Hello! Welcome to the May newsletter. Read on for announcements from Ruby Central and a report of the OSS work we’ve done from the previous month.

In April, Ruby Central's open-source work was supported by Ruby Shield sponsor Shopify, AWS, the German Sovereign Tech Fund (STF), and Ruby Central memberships from 29 other companies, including Partner-level member Contributed Systems, the company behind Mike Perham’s Sidekiq. In total, we were supported by 187 members. Thanks to all of our members for making everything that we do possible. <3

Ruby Central News

Thank you to everyone who attended RailsConf Detroit!

Nadia Odunayo, Founder & CEO at The StoryGraph, delivering the opening keynote for RailsConf 2024. Photo by Alice Heart Photography.

Keep up with Ruby Central’s AWS Software Engineer in Residence

  • Samuel Giddins, RubyGems.org lead Security Engineer and our Software Engineer in Residence, has been sharing the highs, lows, and progress updates of his security work on his blog. Last month his development work included:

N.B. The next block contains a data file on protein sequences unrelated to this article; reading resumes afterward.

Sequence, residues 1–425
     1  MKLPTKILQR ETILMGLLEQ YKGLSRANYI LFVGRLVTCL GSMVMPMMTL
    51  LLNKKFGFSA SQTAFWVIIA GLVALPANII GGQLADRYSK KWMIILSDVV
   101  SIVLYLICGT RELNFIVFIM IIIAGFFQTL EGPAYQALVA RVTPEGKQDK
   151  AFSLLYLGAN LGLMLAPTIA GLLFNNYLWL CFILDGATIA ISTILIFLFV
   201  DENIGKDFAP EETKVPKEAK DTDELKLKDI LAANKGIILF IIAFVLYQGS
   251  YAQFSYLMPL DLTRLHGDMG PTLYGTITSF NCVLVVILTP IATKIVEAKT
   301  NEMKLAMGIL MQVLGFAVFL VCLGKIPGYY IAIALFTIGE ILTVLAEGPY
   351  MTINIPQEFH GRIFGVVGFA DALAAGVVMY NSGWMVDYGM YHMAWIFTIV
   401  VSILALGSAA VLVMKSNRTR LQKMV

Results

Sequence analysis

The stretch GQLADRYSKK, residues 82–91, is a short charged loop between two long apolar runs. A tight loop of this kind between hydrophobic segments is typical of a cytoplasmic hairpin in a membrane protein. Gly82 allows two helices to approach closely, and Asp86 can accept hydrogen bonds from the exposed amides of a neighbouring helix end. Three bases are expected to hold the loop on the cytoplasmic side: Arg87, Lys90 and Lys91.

• Spending a significant amount of time investigating the impact of the xz/liblzma backdoor on the RubyGems ecosystem, and publishing a blog post on his findings. The rubygems-research tool proved invaluable in efficiently analyzing the spread of the vulnerable library within RubyGems. Spoiler: RubyGems was not vulnerable to the backdoor!
    • Patching various Denial of Service (DoS) vulnerabilities related to YAML aliases and uploaded gem metadata size in RubyGems.org, improving the platform by re-introducing avatars with privacy considerations (more on this below), and documenting the compact index API for package repositories.
  • You can learn more and follow along here. Thank you to AWS for supporting this work!

We’re revamping our Ruby Central Membership Program!

  • If you’re reading this in your email inbox, you should have already received this news. If not, check out this announcement to learn about all of the exciting new ways we’ll be engaging with our members and how you can get involved.

Upcoming Conferences:

Get Involved: